The phrase "I know it when I see it" is a colloquial expression by which a speaker attempts to categorize an observable fact or event, although the category is subjective or lacks clearly defined parameters. The phrase was used in 1964 by United States Supreme Court Justice Potter Stewart to describe his threshold test for obscenity in Jacobellis v. Ohio. In explaining why the material at issue in the case was not obscene under the Roth test, and therefore was protected speech that could not be censored, Stewart wrote:
I shall not today attempt further to define the kinds of material I understand to be embraced within that shorthand description ["hard-core pornography"], and perhaps I could never succeed in intelligibly doing so. But I know it when I see it, and the motion picture involved in this case is not that.
The expression became one of the best-known phrases in the history of the Supreme Court. Though "I know it when I see it" is widely cited as Stewart's test for "obscenity", he never used the word "obscenity" himself in his short concurrence. He only stated that he knows what fits the "shorthand description" of "hard-core pornography" when he sees it.
Stewart's "I know it when I see it" standard was praised as "realistic and gallant" and an example of candor. It has also been critiqued as being potentially fallacious, due to individualistic arbitrariness.
This simple phrase, embedded in a plurality opinion, carries with it many of the conflicts and inconsistencies that continue to plague American obscenity law. In effect, "I know it when I see it" can still be paraphrased and unpacked as: "I know it when I see it, and someone else will know it when they see it, but what they see and what they know may or may not be what I see and what I know, and that's okay."— William T. Goldberg
The Supreme Court of the United States' rulings concerning obscenity in the public square have been unusually inconsistent. Though First Amendment free speech protections have always been taken into account, both Constitutional interpretationalists and originalists have limited this right to account for public sensibilities. Before Roth v. United States in 1957, common law rules stemming from the 1868 English case Regina v. Hicklin have articulated that anything which "deprave[s] and corrupt[s] those whose minds are open to such immoral influences" was said to be obscene, and therefore banned. The Roth case gave a clearer standard for deciding what constitutes pornography, stating that obscenity is material where the "dominant theme taken as a whole appeals to the prurient interest", and that the "average person, applying contemporary community standards" would disapprove of, reaffirming the 1913 case United States v. Kennerley. This standard allowed for many works to be called obscene, and though the Roth decision acknowledged "all ideas having even the slightest redeeming social importance ... have the full protection of guaranties [sic]", the Justices put public sensibility above the protection of individual rights.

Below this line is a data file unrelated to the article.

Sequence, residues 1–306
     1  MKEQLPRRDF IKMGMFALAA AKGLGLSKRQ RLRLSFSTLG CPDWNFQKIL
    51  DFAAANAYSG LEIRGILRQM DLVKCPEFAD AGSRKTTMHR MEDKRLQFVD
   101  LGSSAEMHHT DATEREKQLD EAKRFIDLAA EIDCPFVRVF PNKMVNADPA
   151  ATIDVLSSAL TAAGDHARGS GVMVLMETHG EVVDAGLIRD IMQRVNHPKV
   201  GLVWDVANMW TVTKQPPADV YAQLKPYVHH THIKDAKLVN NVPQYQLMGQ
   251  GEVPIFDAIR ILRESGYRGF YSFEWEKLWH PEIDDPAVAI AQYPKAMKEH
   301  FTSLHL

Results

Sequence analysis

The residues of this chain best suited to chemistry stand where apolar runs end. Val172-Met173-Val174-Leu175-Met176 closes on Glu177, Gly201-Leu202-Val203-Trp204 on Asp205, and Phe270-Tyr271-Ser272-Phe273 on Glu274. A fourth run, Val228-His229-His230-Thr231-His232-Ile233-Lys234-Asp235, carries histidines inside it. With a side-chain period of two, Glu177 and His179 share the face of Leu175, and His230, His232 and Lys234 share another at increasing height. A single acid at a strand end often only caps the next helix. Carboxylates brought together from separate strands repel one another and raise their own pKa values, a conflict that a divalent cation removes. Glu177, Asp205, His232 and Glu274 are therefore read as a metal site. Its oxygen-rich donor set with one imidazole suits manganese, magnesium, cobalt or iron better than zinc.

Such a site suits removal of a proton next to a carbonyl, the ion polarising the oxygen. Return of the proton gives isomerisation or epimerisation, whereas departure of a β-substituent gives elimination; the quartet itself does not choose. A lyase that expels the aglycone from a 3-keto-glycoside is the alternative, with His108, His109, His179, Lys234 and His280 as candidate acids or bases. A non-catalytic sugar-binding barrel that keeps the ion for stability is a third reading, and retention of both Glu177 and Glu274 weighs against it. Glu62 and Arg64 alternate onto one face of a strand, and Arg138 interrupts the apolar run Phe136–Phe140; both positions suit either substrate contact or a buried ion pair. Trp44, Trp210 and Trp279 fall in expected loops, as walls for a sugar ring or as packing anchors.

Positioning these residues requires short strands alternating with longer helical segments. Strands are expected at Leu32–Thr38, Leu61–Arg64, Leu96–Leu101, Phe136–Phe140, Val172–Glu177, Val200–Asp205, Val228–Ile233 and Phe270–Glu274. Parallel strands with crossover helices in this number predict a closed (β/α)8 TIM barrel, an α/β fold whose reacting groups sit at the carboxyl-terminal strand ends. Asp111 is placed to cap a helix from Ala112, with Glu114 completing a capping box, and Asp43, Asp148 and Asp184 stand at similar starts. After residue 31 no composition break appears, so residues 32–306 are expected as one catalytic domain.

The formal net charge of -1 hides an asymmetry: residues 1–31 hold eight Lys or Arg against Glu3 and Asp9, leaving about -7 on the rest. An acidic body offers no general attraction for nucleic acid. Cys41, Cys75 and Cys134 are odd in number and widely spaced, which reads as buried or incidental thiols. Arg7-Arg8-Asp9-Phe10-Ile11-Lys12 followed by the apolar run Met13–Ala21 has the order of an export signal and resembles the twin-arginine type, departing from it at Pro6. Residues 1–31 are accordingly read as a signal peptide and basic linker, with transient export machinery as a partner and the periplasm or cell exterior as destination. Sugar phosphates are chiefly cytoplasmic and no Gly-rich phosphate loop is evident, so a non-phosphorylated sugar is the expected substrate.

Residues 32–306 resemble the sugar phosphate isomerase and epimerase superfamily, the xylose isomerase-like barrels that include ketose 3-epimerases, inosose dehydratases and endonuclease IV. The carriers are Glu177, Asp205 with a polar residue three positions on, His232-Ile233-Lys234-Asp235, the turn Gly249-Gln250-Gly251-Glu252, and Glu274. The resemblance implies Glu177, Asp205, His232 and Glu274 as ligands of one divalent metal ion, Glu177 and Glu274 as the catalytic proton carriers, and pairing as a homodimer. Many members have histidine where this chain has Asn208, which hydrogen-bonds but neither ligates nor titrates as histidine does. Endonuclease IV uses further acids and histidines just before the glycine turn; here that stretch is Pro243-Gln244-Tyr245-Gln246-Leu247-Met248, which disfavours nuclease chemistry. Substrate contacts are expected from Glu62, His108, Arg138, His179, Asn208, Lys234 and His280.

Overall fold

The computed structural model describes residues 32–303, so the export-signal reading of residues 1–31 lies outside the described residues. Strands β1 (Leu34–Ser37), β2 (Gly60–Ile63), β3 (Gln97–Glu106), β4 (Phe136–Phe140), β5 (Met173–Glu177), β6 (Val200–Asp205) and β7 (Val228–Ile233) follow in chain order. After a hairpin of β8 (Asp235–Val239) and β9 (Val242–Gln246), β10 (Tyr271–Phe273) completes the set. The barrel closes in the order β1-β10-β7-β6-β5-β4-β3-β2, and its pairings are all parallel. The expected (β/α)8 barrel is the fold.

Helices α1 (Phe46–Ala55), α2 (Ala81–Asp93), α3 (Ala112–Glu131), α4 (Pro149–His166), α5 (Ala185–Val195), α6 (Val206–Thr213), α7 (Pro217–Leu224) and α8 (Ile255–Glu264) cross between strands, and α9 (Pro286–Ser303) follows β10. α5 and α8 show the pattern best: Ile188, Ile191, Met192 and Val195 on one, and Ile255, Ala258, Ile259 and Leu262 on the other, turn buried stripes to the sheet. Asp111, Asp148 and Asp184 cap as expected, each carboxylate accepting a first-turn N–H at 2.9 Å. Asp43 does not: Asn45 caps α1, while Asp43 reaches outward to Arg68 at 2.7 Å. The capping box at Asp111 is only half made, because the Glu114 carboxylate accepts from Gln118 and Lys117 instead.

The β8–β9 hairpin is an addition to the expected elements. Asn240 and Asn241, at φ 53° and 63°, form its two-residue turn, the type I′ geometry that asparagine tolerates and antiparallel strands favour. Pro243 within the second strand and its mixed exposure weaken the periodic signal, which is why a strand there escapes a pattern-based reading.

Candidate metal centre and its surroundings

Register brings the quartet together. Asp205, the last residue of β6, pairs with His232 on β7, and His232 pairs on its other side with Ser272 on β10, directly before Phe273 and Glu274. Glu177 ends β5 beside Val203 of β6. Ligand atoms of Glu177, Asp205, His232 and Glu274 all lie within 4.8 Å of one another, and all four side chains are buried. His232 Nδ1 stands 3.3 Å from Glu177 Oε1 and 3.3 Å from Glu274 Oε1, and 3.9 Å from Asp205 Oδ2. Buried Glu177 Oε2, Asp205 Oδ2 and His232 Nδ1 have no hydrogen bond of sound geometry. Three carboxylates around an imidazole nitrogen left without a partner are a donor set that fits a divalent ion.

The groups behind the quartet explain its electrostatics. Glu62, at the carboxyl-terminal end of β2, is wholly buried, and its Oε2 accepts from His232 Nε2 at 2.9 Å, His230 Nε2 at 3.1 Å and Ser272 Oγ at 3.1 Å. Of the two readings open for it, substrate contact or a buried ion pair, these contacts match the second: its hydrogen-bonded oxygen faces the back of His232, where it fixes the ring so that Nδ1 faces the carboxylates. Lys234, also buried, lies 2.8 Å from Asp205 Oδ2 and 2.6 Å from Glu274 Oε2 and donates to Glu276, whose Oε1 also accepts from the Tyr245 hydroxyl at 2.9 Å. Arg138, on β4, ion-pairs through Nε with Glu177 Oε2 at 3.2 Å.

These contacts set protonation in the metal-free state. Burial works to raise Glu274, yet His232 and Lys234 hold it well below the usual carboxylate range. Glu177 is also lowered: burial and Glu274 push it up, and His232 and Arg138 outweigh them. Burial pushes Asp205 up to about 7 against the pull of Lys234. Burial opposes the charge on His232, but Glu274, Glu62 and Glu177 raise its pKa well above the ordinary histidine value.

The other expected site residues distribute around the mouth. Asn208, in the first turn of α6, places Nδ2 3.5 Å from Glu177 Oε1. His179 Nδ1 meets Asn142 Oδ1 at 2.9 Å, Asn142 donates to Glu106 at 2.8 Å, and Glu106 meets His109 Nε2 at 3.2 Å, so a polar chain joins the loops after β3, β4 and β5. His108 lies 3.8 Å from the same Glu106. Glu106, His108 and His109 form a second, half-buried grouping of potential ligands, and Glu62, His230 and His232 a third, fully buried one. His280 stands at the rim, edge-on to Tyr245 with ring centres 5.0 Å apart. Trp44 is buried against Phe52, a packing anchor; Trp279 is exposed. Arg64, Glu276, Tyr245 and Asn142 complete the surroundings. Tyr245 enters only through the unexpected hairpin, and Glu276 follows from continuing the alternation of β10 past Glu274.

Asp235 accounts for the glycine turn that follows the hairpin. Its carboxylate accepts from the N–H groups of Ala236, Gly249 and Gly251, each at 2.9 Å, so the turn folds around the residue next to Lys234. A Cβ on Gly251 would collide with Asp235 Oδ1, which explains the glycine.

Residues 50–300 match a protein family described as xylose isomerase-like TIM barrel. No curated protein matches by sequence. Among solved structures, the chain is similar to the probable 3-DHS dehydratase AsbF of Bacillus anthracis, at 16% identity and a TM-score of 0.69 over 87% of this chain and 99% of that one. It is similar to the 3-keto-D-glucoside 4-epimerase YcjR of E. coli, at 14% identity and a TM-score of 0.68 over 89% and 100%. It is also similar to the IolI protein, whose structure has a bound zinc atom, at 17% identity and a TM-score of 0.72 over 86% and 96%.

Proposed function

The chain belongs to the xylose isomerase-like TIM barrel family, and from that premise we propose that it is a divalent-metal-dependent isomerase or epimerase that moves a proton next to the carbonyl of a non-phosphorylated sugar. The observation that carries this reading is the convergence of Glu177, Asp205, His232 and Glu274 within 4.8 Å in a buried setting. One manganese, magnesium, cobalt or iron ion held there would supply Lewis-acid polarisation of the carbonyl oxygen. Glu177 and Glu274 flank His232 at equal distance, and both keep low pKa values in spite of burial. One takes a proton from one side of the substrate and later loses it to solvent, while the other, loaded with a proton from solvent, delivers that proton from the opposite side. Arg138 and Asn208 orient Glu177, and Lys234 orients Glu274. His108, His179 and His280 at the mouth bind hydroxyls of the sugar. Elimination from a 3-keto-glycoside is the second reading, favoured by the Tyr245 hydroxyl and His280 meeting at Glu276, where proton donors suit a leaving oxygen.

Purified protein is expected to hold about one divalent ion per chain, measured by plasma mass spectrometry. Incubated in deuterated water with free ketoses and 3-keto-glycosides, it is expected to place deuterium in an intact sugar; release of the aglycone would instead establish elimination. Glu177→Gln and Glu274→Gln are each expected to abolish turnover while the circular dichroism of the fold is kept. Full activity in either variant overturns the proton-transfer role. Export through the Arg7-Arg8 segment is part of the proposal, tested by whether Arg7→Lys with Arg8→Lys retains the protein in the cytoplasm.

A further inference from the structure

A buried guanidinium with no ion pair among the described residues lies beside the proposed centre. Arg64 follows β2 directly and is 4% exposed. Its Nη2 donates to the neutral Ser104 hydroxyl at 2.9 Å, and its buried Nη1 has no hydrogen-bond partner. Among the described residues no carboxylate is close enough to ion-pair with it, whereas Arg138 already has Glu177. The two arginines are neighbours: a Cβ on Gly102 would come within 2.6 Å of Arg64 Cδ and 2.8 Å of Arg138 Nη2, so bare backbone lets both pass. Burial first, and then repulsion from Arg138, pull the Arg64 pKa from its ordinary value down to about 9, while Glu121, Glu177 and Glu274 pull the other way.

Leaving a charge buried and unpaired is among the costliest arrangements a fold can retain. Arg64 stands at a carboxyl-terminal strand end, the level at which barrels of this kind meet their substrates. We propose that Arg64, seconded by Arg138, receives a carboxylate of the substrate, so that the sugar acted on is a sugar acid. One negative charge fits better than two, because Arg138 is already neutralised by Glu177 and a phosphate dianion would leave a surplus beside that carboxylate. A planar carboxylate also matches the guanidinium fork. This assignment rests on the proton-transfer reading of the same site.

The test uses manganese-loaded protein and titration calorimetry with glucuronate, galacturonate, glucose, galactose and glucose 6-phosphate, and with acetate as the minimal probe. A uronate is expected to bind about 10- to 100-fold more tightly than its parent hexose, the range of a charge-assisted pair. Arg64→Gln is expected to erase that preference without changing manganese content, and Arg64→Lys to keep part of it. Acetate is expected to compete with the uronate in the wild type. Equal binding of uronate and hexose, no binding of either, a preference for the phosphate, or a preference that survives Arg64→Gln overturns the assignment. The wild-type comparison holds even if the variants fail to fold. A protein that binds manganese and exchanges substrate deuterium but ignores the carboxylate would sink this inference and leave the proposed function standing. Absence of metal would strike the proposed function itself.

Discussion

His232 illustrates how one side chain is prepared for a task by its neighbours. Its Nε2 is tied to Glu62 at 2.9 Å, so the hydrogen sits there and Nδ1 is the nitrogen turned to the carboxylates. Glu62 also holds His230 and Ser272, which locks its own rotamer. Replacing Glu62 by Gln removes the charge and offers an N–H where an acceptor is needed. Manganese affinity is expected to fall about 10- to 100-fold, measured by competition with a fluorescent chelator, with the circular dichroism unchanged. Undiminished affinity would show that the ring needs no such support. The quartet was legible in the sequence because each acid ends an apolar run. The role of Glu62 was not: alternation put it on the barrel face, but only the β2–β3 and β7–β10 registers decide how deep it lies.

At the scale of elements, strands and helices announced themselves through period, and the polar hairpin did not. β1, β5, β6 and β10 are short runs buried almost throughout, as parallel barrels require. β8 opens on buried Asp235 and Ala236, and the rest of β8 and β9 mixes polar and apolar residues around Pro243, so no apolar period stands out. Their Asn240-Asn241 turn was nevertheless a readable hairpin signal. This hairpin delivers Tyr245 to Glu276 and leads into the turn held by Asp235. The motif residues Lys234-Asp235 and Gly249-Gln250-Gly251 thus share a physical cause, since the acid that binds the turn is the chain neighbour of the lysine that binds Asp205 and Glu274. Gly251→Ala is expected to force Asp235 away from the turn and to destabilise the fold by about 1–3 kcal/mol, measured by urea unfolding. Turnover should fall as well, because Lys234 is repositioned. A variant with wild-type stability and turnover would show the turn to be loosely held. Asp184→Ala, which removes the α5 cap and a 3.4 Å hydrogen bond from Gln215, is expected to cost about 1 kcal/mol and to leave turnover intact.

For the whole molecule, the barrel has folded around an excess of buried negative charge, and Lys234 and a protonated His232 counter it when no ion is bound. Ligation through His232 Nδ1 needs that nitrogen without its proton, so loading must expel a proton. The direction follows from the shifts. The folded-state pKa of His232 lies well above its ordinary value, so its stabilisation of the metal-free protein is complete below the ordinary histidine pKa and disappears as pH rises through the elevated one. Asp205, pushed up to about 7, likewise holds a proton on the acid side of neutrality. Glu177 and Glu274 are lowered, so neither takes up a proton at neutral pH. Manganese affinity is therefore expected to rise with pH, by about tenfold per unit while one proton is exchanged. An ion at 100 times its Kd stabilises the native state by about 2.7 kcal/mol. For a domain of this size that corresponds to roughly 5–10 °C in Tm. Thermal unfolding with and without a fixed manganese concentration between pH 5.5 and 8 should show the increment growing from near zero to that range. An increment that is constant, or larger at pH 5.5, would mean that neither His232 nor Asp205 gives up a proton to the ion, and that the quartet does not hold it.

Jacobellis v. Ohio (1964) narrowed the scope of the Roth decision. Justice Potter Stewart, in his concurrence to the majority opinion, created the standard whereby all speech is protected except for "hard-core pornography". As for what, exactly, constitutes hard-core pornography, Stewart said "I shall not today attempt further to define the kinds of material I understand to be embraced within that shorthand description, and perhaps I could never succeed in intelligibly doing so. But I know it when I see it, and the motion picture involved in this case is not that." The film in question was Louis Malle's The Lovers.
This was modified in Memoirs v. Massachusetts (1966), in which obscenity was defined as anything patently offensive, appealing to prurient interest, and of no redeeming social value. Still, however, this left the ultimate decision of what constituted obscenity up to the whim of the courts, and did not provide an easily applicable standard for review by the lower courts. This changed in 1973 with Miller v. California. The Miller case established what came to be known as the Miller test, which clearly articulated that three criteria must be met for a work to be legitimately subject to state regulations. The Court recognized the inherent risk in legislating what constitutes obscenity, and necessarily limited the scope of the criteria. The criteria were:
The third criterion pertains to judgment made by "reasonable persons" of the United States as a whole, while the first two pertain to that of members of the local community. Due to the larger scope of the third test, it is a more ambiguous criterion than the first two.
In 1981 Justice Stewart commented about his second thoughts about coining the phrase. "In a way I regret having said what I said about obscenity—that's going to be on my tombstone. When I remember all of the other solid words I've written," he said, "I regret a little bit that if I'll be remembered at all I'll be remembered for that particular phrase."